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Rise of the Guardians: The DreamWorks Gamble that Didn’t Pay Off
February 27, 2013Posted by on
Last November, DreamWorks and Paramount Pictures released the digitally-animated children’s film Rise of the Guardians, based off of a series of books by author William Joyce. The film, budgeted at a robust 145 million dollars, was met with positive critical acclaim (74% aggregate score on Rotten Tomatoes), and as far as I can tell, was anecdotally appreciated by fans. I’ve spoke with a handful of people who have seen it, people of all ages and genders, and all agreed the film was unique and a lot of fun. I have heard praise for the character designs, art direction, and other technical issues as well (the Sandman really stuck out to a lot of people as cool, apparently). I haven’t seen the film, so I can’t offer my take on its quality. Point is, the film seemed to be pretty universally liked.
Box office numbers for Rise of the Guardians, however, disappointed. Opening just a few weeks after Wreck-It Ralph, another CGI-animated film with positive critical acclaim (and an eventual Oscar nominee for animation), Guardians stumbled out of the gate with a disappointing opening weekend. It didn’t help the DreamWorks production that The Twilight Saga: Breaking Dawn Part II, Life of Pi, and mega-hit Skyfall all opened in the same basic time frame. Rise of the Guardians suffered at the domestic box office because of this, barely limping across the 100 million dollar barrier, making it a financial disappointment for DreamWorks. The film was met with more positive returns overseas, ultimately grossing a tad over 300 million, but even this was seen as disappointing for the studio.
Just yesterday, DreamWorks released their quarter four financial information, and cited the failure of Rise of the Guardians as a significant factor in a near 90 million dollar loss for the company, the first such loss they’ve faced in six years (Flushed Away, a 2006 flop, was the last DreamWorks Animation film to face trouble at the box office, and even this film was a co-production with Aardman Studios, softening the blow). According to DreamWorks Animation CEO Jeffrey Katzenberg, who recently picked up an Oscar for humanitarian work, Guardians was “the first movie of ours in 17 in a row that didn’t work.” DreamWorks has had an incredible run of success in their animation division, but even they have their “bad days,” again according to Katzenberg.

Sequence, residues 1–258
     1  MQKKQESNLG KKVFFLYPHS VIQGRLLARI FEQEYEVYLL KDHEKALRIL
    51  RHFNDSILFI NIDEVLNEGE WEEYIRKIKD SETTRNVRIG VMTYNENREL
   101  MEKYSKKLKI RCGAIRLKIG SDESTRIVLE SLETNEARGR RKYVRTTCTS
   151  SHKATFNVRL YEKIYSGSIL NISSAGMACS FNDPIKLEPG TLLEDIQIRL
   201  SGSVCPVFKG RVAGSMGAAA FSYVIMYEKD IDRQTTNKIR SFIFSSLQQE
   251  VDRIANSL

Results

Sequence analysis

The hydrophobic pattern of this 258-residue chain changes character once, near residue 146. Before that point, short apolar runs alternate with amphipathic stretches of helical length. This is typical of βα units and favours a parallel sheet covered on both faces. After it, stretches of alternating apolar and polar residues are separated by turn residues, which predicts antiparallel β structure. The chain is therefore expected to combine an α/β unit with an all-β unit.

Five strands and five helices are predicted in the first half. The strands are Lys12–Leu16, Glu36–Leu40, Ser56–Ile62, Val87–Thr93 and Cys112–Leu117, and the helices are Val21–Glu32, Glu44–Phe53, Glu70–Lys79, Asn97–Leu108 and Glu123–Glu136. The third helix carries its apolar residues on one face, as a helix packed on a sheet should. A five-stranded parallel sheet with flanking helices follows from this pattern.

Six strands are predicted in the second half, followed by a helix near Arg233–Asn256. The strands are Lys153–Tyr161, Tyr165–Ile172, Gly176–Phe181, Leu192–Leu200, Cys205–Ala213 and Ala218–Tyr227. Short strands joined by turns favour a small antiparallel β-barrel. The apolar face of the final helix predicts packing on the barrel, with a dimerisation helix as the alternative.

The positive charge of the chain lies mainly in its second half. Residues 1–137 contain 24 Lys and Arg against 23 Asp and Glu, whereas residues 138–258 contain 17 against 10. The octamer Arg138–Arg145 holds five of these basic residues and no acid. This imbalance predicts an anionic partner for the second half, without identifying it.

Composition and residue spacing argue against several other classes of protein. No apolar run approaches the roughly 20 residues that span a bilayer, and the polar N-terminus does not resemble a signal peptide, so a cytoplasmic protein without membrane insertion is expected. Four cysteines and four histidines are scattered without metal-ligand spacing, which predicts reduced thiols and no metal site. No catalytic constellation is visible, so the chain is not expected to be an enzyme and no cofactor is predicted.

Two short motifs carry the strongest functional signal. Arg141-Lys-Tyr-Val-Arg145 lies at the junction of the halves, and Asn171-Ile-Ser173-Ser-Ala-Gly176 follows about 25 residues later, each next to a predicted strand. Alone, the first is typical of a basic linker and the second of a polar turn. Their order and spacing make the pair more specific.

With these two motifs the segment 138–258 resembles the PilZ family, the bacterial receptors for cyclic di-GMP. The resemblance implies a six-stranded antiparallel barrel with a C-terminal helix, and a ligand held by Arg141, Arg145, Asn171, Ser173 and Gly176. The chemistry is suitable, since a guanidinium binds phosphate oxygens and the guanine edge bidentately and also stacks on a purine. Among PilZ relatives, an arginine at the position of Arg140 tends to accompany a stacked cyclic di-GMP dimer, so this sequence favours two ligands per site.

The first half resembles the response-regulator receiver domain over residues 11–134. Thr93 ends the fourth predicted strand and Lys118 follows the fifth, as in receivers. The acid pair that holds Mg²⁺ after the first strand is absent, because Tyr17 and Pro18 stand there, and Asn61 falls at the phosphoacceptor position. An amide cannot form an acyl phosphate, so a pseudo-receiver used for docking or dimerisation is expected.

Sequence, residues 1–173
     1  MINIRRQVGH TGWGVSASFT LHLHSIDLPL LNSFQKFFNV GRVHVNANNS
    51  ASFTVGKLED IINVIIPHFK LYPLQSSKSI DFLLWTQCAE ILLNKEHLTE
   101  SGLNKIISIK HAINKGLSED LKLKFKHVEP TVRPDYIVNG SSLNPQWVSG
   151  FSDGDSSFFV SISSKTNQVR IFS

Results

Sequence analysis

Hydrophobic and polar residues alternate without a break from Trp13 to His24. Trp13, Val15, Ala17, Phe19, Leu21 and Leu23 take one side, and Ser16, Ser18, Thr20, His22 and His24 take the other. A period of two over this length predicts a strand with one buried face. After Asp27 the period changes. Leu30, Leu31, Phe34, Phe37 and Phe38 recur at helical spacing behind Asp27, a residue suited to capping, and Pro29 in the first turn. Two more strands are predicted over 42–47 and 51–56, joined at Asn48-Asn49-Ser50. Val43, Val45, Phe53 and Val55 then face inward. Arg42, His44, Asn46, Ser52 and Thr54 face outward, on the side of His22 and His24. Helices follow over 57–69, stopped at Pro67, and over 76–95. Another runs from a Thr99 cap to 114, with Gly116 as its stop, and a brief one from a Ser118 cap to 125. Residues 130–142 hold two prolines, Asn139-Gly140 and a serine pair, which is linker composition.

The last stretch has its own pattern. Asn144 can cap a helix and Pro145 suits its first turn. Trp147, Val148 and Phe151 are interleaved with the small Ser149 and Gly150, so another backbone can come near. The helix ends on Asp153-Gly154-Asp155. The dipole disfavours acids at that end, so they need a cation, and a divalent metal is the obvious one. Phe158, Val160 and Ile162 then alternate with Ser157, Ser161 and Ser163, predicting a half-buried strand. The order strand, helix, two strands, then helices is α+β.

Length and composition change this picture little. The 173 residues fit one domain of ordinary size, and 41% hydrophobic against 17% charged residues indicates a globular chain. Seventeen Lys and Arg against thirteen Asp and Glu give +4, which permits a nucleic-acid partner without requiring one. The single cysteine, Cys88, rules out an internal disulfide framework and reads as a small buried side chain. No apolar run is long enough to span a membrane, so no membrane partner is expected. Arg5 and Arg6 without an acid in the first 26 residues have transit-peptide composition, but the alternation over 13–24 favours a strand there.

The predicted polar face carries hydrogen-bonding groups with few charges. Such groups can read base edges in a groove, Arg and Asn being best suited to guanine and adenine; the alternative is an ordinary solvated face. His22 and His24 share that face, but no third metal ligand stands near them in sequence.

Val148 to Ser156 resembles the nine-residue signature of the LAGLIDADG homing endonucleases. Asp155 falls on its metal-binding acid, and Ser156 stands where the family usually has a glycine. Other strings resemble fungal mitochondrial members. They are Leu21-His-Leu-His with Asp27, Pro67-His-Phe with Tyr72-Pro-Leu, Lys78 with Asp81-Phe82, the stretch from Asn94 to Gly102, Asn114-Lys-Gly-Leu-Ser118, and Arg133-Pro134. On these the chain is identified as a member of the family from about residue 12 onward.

DreamWorks’ loss wasn’t solely due to the financial failure of Rise of the Guardians, however. Their upcoming film, Me & My Shadow, had its release date pushed back and is now back in development for re-tooling. The upcoming Shadow, featuring the voice talents of Bill Hader and Kate Hudson, was even rumored to be shelved completely – and this may yet happen sometime in the future. The studio’s Mr. Peabody and Sherman, based on the Rocky and Bullwinkle short, was also pushed back, in order to take advantage of a better release window, according to DreamWorks. The upcoming The Croods, the first DreamWorks production to be distributed by Fox, will be released in March, and is expected do well for the company.
I have two big issues with DreamWorks regarding this bad financial news. The first is that 350 employees were laid-off of work due to the write-off, which is incredibly sad news. In the past year, two other visual effects-based companies have also faced uncertainty, including Rhythm & Hues, the team that brought the tiger in the Oscar-winning film Life of Pi to life. I feel for these people who have lost jobs and potentially their livelihoods. I spent a year and a half without full-time employment, and it is a struggle. The second issue I have, which feeds into the first, is that it is unfathomable to me that a film can gross over 300 million dollars worldwide, as Rise of the Guardians did, and still be responsible for a loss of nearly 90 million dollars. This is a clear case of irresponsible fiscal management by DreamWorks. The margins of profitability for a film should in no way be this slim. It is beyond aggravating to me that hardworking digital artists and animators have lost their jobs because essentially one film out of seventeen did poorly for the company. That’s an over-sight that Hollywood needs to work on. There’s too much money out there to gamble so foolishly with people’s livelihoods.